ZincFive accelerates investment in U.S. Manufacturing

 ZincFive, the world leader in nickel-zinc (NiZn) battery-based solutions for immediate power applications, has secured financing to accelerate its expansion plans in the United States for battery manufacturing, systems assembly, pack assembly, and new product development. The increasing demand for data center infrastructure in the U.S., driven by massive market investments in AI growth, is driving the expansion. The new facility will be located near the company headquarters in Tualatin, Oregon.

The project encompasses dedicated operations for the launch of U.S. battery manufacturing, including the development of the U.S. battery supply chain along with partnerships for critical materials and battery recycling. Not only does this step bolster the local economy, but it also directly meets the pressing demands of global customers focused on strengthening their companies’ supply chain resiliency and capacity. In addition to its existing operations in Asia, this strategic investment by ZincFive signals the company’s commitment to expanding its manufacturing capability, ensuring a global presence to meet the evolving needs of its customers.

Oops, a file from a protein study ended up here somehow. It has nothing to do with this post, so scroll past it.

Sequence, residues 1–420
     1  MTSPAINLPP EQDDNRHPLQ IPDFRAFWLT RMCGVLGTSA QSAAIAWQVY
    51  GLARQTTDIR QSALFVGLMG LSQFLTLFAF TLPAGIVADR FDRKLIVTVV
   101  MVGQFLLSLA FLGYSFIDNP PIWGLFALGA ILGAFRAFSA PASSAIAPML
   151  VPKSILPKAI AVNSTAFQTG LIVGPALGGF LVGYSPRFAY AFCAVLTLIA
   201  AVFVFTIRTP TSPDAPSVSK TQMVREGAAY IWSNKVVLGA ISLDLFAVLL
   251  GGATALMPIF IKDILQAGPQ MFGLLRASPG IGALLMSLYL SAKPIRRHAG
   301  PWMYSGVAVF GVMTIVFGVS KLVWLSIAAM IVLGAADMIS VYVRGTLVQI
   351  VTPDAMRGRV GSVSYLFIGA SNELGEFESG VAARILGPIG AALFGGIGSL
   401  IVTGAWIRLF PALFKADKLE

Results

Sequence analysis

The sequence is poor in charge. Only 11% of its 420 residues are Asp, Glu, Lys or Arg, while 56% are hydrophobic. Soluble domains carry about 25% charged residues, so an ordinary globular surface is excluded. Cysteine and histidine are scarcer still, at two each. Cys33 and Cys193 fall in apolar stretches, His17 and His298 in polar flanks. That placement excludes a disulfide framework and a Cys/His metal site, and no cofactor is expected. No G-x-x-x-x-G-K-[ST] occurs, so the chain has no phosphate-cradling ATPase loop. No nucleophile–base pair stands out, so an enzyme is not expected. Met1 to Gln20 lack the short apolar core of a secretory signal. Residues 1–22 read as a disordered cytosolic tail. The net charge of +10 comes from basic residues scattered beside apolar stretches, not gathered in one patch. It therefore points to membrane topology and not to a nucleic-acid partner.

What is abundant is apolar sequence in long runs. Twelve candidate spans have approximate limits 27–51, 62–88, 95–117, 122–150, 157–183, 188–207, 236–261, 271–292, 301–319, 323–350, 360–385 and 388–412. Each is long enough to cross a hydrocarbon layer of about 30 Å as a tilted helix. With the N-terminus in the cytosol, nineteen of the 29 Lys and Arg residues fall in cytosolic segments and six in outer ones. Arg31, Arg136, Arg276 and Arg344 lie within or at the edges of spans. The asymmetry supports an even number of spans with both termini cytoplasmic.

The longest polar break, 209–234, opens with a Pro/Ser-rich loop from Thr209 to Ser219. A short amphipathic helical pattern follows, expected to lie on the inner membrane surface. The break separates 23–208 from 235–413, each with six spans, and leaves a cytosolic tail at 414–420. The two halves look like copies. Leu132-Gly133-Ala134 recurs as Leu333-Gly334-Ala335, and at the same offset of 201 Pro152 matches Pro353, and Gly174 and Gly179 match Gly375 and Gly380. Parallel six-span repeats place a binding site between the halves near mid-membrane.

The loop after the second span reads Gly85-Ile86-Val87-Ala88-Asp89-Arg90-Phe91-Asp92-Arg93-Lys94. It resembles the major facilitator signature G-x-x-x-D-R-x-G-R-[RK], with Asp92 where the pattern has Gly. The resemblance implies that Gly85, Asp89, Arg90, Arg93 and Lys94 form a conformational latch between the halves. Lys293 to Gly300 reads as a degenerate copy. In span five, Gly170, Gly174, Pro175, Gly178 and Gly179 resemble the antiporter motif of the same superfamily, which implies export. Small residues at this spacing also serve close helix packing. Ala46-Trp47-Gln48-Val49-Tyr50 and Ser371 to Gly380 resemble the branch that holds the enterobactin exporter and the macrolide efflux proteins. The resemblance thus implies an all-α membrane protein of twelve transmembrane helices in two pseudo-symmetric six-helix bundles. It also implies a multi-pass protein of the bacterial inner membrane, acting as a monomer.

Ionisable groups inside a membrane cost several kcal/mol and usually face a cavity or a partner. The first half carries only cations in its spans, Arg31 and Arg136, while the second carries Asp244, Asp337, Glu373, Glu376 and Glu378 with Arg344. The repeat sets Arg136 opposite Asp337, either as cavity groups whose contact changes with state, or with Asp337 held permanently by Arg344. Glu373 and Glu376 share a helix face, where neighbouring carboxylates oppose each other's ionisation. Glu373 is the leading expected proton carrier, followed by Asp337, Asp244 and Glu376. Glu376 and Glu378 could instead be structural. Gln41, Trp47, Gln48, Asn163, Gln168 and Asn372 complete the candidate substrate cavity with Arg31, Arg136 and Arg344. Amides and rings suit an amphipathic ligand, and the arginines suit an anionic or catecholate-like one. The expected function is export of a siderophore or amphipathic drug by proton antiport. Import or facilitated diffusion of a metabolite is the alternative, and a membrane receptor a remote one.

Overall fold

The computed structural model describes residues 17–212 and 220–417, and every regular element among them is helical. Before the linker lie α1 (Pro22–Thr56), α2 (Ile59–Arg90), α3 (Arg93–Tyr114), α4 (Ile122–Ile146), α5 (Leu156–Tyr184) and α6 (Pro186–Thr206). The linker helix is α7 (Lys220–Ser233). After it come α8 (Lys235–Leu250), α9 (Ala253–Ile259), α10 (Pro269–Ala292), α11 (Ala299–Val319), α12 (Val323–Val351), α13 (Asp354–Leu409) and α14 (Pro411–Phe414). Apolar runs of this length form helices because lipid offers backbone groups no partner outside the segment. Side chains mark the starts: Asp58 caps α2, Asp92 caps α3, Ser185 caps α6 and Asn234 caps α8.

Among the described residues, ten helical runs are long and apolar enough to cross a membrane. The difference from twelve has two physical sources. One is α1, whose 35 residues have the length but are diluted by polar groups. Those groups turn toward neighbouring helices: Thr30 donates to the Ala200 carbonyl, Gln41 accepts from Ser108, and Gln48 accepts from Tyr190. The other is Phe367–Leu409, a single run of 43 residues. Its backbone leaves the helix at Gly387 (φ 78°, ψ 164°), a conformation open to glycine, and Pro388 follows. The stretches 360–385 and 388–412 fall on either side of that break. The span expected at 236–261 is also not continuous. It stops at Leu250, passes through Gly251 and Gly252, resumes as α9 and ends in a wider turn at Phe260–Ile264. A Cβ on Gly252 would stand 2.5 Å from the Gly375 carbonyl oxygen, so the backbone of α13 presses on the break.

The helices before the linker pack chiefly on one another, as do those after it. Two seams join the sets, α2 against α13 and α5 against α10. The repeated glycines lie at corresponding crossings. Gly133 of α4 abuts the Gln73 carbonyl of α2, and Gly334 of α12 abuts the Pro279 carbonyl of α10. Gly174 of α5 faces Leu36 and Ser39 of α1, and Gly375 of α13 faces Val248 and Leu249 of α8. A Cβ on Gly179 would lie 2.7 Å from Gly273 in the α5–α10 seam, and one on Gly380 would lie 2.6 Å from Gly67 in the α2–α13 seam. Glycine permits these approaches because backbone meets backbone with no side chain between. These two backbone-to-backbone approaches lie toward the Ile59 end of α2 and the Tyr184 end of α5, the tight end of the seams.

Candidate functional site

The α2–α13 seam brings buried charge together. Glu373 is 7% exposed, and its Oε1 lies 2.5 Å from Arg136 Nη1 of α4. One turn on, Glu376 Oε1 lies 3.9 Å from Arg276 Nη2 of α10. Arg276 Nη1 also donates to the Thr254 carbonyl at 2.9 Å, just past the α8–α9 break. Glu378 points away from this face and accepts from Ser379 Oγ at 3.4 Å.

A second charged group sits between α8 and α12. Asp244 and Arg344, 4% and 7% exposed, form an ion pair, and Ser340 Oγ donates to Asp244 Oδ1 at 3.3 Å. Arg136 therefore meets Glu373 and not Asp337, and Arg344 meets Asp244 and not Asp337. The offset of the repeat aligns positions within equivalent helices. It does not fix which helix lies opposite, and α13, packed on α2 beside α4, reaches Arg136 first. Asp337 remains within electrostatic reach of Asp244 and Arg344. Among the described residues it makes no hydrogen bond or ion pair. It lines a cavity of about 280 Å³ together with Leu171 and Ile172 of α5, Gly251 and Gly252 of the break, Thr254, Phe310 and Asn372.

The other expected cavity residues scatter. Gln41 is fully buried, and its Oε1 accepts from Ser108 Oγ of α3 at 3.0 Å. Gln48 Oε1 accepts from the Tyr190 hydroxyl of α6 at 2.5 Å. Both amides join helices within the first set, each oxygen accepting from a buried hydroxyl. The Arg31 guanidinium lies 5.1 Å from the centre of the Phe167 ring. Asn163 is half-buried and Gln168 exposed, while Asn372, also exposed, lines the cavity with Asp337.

“We’re thrilled to launch our U.S. manufacturing journey, serving customers both domestically and internationally,” stated Tim Hysell, CEO and Co-Founder of ZincFive. “It’s been a long-standing vision—a dedicated commitment to extend our battery manufacturing capabilities to the United States, allowing us to continue providing safe, sustainable battery technology for high-power mission-critical applications worldwide.”

ZincFive is well-positioned for substantial global growth to meet the needs of various sectors, including data center customers, particularly emerging segments such as AI-dedicated data centers. ZincFive’s patented nickel-zinc electrochemistry sets a higher standard for battery technology that not only meets today’s growing power demands but does so safely and sustainably, challenging the dominance of its predecessors, lead-acid and lithiumion batteries.